After rye and spelt what other ancient grain flours are out there to try? If you’ve been following my recipes for a while you might know I am also a big fan of buckwheat, but today we are using a flour that’s totally new to me, Khorasan or Kamut as its also known (Kamut is the trademarked name of Khorasan wheat). I wanted to try making a pastry as I find it’s always a great test of how a flour works, how well it absorbs moisture, if it can be overworked and if needs extra binders to hold together.
To test the flour I made multiple batches of pie dough changing the amounts of khorasan in the recipe, from 20% up to 100%. My favourite dough was made with 1/3 plain flour and 2/3 khorasan. It was easy to work with and had a great level of flavour from the khorasan. 100% khorasan works fine but didn’t taste significantly better than my end pie dough where using a little regular plain helps make a great tasting pie dough thats easy to work with. The grain is very fine and absorbs a little more moisture in pie dough than regular plain flour and it has a wonderful malty, buttery flavour that tastes almost caramelised in the pastry, it’s absolutely delicious.
Khorason/Kamut Flour Pie Dough
50g Doves Farm Organic Plain Flour
100g Doves Farm Organic Stoneground KAMUT® Khorasan Wholemeal Flour
1 tbsp caster sugar
1/2 tsp salt
125g unsalted butter, diced and chilled
5 tbsp ice cold water
3 large eggs, plus 1 yolk for the pastry
200ml double cream
100ml whole milk
250g pancetta, cooked until crisp
75g gruyere, grated
45g wild garlic, finely chopped
Pinch of nutmeg
To make the pie dough mix together the plain flour, khorasan flour, salt and sugar in a large bowl. Add the butter and toss in the flour to coat. Rub the butter into the flour until it is in large flakes, you don’t want to rub in like you would for say a crumble, the flakes of butter makes for a nice flaky pastry.
Drizzle in the water a couple tablespoons at a time, tossing together with the flour mixture. Once all the water is added you should be able to gently press the dough together, forming a uniform disc of dough. Wrap in clingfilm or a beeswax wrapper (great if you’re reducing your usage of plastic) and refrigerate for at least an hour before using.
When chilled, roll out the pastry on a lightly floured worksurface until just over 10 inches in diameter then roll back onto the rolling pin and unroll into a 9 inch pie plate (I prefer metal or glass). Trim the excess dough so that the overhang is about an inch long. Fold the excess dough under itself so that it forms a thick rim around the outside of the pie plate. Use your preferred method to crimp the pie and then refrigerate for 30 minutes or until firm.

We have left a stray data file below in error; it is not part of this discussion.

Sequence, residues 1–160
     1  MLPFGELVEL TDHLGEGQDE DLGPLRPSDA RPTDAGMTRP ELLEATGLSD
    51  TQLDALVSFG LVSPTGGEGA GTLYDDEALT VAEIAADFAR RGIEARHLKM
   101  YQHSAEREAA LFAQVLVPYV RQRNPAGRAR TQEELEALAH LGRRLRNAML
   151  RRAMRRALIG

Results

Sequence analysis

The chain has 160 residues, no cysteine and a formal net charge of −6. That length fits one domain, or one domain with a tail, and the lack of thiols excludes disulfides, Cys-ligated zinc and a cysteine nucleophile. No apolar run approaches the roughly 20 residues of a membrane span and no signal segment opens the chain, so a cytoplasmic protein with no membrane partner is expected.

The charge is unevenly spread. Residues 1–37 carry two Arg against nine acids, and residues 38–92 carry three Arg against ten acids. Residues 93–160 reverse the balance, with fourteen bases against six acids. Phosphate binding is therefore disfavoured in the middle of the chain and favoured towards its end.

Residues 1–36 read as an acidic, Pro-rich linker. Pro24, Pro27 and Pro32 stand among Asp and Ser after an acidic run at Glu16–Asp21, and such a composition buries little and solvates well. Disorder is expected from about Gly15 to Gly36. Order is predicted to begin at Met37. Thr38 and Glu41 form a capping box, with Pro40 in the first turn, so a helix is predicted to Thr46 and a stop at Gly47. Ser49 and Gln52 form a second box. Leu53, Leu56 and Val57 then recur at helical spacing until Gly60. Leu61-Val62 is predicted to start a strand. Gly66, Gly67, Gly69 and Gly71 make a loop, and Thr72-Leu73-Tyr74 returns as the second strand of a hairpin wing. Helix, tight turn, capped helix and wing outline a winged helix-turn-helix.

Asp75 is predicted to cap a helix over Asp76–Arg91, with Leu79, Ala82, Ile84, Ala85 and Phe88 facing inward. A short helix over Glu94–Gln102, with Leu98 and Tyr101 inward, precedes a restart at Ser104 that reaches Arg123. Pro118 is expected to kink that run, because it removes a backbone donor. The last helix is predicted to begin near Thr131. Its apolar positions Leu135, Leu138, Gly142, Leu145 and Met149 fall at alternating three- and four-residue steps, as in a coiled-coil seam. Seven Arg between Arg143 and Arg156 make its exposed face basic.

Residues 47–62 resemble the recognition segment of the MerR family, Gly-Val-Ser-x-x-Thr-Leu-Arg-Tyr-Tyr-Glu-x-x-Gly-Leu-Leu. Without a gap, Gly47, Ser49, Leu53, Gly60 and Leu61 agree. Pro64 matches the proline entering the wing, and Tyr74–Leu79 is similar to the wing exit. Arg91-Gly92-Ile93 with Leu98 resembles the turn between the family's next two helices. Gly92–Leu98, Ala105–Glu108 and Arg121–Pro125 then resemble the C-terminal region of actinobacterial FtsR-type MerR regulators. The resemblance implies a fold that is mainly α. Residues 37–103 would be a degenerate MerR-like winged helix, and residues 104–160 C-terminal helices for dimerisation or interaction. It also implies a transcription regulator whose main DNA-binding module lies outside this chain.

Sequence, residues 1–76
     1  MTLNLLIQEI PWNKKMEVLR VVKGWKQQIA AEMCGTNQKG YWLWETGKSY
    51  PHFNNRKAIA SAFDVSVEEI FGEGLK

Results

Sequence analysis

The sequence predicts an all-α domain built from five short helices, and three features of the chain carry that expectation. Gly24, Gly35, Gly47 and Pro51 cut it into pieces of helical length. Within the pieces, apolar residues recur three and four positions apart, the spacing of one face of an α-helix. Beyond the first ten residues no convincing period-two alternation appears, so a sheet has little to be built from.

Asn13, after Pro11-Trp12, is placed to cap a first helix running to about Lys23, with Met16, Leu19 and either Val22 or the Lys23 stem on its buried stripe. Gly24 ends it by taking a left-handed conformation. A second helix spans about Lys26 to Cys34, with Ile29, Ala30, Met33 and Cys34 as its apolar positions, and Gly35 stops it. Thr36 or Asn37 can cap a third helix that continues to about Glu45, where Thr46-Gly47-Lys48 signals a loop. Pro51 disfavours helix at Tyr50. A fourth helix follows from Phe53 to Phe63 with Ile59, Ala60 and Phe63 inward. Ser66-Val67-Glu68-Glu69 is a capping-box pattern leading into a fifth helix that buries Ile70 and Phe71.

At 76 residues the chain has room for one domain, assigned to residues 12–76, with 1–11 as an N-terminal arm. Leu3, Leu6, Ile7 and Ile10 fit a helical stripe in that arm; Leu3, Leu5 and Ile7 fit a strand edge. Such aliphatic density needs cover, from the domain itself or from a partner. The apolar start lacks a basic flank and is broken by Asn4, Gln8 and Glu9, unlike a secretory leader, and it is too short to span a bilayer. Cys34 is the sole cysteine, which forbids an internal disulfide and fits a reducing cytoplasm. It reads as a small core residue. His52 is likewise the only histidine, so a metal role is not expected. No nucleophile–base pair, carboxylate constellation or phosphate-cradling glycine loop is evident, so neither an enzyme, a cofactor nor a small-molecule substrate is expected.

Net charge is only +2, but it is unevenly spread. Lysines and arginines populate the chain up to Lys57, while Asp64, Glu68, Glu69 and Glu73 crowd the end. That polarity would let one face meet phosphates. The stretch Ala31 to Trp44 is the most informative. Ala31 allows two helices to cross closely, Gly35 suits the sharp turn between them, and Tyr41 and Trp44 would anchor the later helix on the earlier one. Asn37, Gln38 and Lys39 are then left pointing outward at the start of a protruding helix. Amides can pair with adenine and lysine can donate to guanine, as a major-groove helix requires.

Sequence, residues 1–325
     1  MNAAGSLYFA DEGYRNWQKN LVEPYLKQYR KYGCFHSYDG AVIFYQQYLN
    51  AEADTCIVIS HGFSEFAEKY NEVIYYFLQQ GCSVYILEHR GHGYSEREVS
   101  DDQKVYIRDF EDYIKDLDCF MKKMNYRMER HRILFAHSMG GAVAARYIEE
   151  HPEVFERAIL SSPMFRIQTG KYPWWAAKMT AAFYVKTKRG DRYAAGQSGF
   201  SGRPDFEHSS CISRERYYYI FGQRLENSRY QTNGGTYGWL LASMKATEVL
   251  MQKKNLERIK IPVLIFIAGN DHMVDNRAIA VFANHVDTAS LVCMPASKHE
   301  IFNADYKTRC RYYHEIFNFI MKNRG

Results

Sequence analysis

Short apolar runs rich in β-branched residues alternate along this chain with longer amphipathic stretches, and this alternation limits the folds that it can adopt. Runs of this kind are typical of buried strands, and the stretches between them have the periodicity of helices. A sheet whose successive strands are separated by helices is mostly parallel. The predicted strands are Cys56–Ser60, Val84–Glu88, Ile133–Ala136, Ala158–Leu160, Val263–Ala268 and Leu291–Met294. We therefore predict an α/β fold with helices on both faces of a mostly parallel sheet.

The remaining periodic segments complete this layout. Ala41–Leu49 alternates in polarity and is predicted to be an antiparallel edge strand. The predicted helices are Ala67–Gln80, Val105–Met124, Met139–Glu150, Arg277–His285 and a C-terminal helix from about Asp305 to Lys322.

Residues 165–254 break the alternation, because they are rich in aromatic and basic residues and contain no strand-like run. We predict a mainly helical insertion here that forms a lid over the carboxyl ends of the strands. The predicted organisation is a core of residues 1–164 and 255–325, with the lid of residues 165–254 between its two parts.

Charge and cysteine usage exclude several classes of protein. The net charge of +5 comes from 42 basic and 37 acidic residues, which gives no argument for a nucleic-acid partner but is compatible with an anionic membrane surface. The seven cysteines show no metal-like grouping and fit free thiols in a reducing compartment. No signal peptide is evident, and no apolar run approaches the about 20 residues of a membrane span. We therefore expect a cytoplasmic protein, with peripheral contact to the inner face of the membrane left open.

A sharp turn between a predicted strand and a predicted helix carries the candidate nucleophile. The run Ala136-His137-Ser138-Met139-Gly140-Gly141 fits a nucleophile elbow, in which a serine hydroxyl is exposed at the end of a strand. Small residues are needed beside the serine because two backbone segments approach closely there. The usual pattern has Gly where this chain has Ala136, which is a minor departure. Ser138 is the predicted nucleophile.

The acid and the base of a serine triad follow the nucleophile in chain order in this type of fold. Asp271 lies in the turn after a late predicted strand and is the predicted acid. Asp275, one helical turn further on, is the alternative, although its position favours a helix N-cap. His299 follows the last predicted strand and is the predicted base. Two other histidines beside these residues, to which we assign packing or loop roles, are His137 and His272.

Line the pie with a piece of crumpled parchment paper and fill with baking beans or rice. Bake in an oven preheated to 190C (170C fan) for about 20 minutes or until the crimped edge is golden. Carefully remove the parchment and the rice and place back into the oven to bake for a further 15-20 minutes or until the base is fully baked. As the filling is a wet custard brush the inside of the pie with a lightly beaten egg yolk. Bake for another minute or until the yolk is set. This will help keep the pastry crisp whilst the filling bakes. Remove and set aside whilst you prepare the filling. Reduce the temperature to 180C (160C fan).
Whisk together the eggs, cream and milk then add the pancetta, gruyere, wild garlic and nutmeg along with some freshly grated black pepper. Pour the custard into the baked pie shell and grate over a little extra cheese. Bake for about 25 minutes or until the outside of the custard is set and the centre is still a little wobbly. Allow to cool to room temperature before serving.
Quiche is best served on the day made but you can refrigerate it for a couple days if needed.